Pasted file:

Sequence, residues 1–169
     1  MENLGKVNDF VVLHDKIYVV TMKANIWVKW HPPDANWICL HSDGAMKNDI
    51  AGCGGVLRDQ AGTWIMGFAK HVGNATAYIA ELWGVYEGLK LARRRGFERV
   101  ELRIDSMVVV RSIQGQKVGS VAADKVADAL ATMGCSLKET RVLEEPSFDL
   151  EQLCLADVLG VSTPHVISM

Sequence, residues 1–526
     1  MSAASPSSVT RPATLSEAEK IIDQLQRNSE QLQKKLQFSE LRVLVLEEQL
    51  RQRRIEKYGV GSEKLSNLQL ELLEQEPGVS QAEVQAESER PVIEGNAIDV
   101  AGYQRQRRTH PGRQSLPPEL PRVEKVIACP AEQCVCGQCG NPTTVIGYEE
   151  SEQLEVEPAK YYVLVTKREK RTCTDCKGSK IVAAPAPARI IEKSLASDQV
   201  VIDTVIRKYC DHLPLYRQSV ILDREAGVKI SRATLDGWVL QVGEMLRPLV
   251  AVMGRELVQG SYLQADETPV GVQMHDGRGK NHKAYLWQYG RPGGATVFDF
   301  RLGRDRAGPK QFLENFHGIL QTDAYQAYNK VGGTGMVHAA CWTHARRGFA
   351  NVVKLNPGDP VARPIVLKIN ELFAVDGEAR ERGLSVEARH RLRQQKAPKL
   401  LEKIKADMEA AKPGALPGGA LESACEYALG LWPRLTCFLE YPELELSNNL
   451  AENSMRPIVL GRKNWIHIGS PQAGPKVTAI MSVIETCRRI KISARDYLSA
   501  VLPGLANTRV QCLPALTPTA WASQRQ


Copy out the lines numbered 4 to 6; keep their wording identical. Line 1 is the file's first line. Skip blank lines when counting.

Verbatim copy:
   101  ELRIDSMVVV RSIQGQKVGS VAADKVADAL ATMGCSLKET RVLEEPSFDL
   151  EQLCLADVLG VSTPHVISM

Sequence, residues 1–526